42 2 Challenge 2: Integrating Sustainable Development and Technology Transfer Needstechnologies (e.g., similar development context), a parallel process has beensuggested to take into consideration that both processes may involve differentstakeholders and could focus on different areas and sectors. Furthermore, contraryto mitigation technologies, it is not always clear and unambiguous what aretechnologies for adaptation. The TNA handbook underlines that ‘for adaptation theissues of interest tend to impact across … sectors in particular ways. For example,for agriculture projected climate change may mean a water shortage and irrigationproblems with implications for the location of agriculture, crop yields and live-stock’ (UNDP 2010, p. 31). The updated TNA process uses multi-criteria decision analysis (MCDA) tosupport decision making for the stakeholders as they select the technologies (this isexplained in further detail in the next section). For the purpose of the MCDAanalysis, an online tool called TNAssess has been specially designed, for the sectorand subsector prioritisation and for the technology prioritisation.9 A major difference compared to the ‘old’ TNA approach is that in the updatedTNA, stakeholders prioritise technologies on the basis of their beneﬁts-to-costratio. In this case, the beneﬁts have been assessed using the sustainable develop-ment criteria and thus cover a range of issues not necessarily amenable to mon-etisation. Therefore, the new TNA maximises the beneﬁts (including mitigationand adaptation beneﬁts) for a given resource. It is thus in line with the need todeploy restricted resources for maximum beneﬁt across a range of goals, includingclimate change mitigation, adaptation and sustainable development. In the updated TNA process, technologies identiﬁed for the prioritised sectorsare categorised according to whether they are available in the short term10 or themedium to long term11 and whether it is a small-scale or large-scale technol-ogy.12 This categorisation is to allow ease of comparison of technologies as asmall-scale technology cannot be easily compared with a large-scale technology,nor one under development with one that is market ready. Why this is importanthas been illustrated by ENTTRANS (2008) where a tendency among stake-holders could be observed to give lower scores to technologies that would beavailable only in the longer term as these were considered less important for the9 TNAssess can be downloaded from http://climatetechwiki.org.10 Short term means that the technology or measure is either very close to market or is alreadyestablished in other markets or systems ready for diffusion.11 Medium to long term are those technologies that may be still at the RD&D stage with10–15 years to deployment or are at the pilot or pre-commercial stage with up to 5 years fordeployment. These longer term technologies may be considered useful over time as they coulddeliver more beneﬁts than existing technologies and therefore (a) they will receive a demandpush, and (b) they will be part of a longer term strategy for innovation.12 Small-scale technologies are described as those that are applied at the household and/orcommunity level, which could be scaled up into a programme. Large-scale technologies are thosethat are applied on a scale larger than household or community level.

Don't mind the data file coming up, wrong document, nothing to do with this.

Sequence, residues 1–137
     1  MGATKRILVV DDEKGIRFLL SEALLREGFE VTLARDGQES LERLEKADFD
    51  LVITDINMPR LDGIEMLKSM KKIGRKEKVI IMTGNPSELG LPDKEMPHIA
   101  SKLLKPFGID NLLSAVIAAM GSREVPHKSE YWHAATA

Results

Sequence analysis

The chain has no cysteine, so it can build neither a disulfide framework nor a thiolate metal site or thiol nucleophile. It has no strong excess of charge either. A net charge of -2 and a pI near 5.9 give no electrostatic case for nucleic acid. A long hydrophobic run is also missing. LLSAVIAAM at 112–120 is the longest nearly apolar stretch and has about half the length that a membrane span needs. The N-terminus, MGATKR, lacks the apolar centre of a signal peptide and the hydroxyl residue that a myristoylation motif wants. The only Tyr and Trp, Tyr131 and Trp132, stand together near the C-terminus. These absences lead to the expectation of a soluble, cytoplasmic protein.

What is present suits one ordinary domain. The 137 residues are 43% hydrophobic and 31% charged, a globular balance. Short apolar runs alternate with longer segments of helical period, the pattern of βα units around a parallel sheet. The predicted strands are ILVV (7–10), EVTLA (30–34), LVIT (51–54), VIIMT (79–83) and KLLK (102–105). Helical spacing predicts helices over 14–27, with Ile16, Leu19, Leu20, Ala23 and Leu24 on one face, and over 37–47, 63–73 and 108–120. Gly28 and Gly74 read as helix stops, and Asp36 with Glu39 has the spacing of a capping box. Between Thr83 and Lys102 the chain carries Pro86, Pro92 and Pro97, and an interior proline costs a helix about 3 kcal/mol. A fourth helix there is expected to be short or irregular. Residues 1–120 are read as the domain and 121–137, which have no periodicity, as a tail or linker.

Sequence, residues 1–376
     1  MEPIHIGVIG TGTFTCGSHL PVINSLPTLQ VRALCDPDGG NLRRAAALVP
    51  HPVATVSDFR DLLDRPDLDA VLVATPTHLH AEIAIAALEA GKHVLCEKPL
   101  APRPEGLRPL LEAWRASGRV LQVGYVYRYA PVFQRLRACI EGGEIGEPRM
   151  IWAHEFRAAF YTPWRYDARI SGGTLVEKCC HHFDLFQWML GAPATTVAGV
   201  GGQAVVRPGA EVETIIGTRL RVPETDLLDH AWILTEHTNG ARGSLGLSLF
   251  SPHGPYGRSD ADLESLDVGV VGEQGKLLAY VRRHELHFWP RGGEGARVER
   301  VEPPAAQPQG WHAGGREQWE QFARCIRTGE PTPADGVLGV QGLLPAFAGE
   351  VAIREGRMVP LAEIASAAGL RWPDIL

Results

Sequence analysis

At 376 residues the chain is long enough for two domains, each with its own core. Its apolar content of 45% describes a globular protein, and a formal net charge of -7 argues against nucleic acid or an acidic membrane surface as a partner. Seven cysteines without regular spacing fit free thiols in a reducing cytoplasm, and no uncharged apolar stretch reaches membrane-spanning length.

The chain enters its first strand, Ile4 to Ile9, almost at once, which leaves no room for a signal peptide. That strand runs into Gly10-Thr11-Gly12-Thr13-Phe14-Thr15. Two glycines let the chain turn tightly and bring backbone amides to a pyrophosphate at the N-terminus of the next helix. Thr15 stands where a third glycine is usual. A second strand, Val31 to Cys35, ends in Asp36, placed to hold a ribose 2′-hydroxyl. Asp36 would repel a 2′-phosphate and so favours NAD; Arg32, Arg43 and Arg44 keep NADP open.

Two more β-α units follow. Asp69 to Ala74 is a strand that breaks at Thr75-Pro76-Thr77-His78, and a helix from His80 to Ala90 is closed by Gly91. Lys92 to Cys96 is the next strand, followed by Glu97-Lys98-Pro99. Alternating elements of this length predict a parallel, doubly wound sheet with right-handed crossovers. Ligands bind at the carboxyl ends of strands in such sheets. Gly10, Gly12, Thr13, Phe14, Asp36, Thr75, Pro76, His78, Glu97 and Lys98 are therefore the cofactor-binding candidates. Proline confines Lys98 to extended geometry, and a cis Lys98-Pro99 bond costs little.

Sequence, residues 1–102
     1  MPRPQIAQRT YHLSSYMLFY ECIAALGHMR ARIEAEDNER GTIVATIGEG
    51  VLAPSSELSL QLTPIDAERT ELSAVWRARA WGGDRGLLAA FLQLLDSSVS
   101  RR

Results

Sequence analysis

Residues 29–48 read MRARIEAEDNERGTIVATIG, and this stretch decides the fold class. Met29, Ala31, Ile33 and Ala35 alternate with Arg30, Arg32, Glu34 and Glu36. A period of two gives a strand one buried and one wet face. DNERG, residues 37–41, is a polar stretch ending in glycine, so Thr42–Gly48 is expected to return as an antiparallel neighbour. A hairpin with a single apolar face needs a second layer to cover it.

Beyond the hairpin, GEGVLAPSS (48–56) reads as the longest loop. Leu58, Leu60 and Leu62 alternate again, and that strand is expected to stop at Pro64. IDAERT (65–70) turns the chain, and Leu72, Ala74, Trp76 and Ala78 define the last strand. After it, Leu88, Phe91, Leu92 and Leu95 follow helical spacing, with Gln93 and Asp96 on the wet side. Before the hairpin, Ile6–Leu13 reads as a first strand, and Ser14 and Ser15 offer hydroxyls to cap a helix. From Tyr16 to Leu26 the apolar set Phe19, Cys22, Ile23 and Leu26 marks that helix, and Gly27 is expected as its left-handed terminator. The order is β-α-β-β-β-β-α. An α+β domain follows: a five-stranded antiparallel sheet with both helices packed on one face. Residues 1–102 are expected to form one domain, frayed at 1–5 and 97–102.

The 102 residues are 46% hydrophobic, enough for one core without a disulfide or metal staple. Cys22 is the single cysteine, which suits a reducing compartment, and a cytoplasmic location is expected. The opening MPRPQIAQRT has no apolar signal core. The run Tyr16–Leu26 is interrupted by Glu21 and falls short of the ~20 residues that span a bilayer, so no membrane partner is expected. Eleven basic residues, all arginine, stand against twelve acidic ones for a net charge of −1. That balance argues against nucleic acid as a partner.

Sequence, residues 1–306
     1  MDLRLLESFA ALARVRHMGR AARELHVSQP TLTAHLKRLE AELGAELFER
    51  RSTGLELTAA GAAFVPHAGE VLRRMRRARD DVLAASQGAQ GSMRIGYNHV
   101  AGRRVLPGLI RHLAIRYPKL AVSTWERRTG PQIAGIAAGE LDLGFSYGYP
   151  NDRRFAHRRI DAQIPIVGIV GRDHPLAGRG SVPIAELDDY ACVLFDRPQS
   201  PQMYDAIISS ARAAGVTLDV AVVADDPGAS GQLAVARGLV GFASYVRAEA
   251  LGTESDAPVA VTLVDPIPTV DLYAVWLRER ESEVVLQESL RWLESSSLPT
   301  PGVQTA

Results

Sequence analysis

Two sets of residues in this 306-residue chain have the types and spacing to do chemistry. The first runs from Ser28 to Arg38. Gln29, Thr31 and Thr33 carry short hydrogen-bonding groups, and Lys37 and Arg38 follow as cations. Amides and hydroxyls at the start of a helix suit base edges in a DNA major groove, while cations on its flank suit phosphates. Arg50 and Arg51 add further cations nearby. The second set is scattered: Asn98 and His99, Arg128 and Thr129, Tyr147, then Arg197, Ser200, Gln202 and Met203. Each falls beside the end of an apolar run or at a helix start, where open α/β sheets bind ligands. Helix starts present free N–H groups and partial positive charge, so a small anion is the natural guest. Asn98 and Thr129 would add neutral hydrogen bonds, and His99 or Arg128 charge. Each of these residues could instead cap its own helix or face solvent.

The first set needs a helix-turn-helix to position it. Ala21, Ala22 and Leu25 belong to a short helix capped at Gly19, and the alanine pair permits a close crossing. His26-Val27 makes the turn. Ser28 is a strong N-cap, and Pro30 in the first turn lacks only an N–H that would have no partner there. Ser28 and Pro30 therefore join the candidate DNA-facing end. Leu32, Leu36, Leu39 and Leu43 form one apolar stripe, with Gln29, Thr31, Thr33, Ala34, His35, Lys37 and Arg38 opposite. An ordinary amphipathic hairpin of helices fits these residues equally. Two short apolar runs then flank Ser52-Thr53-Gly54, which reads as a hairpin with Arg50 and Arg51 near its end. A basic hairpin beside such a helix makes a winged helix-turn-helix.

2.4 Key Steps in the New Technology Needs Assessment 43Fig. 2.5 Technology innovation learning curve (EGTT 2009)time being. Furthermore, stakeholders may, because of their professional back-ground, have a relatively strong focus on, e.g., small-scale technologies only.Categorisation of technologies could thus enable a better comparison of tech-nologies and prevent a biased focus on one particular technology or measurescategory while overlooking other, also potential beneﬁcial technologies ormeasures. As a caveat to identifying technologies within categories, it isacknowledged in the updated TNA handbook that the terms short, medium andlong term, as well as small and large scale are context speciﬁc. For instance, atechnology that is commercially viable in one market may not have reached thisstage in another market (UNDP 2010, p. 41). Finally, categorising technologies in terms of short-, medium- and long-termavailability is also related to the facility in the new TNA process to formulatestrategies for prioritised technologies that are in different development stages ifrequired (this is explained in further detail in the next chapter). Figure 2.5 illustratesthis by showing a learning curve for technology innovation:• Technologies that are still in a process of research, development and demon- stration (RD&D) have relatively high-unit costs (longer-term technologies).• When a prototype has been successfully demonstrated and the technology been successfully deployed in the market, unit costs become lower (medium-term technologies); so that• The technology could eventually be manufactured and sold commercially competitive (short-term technologies).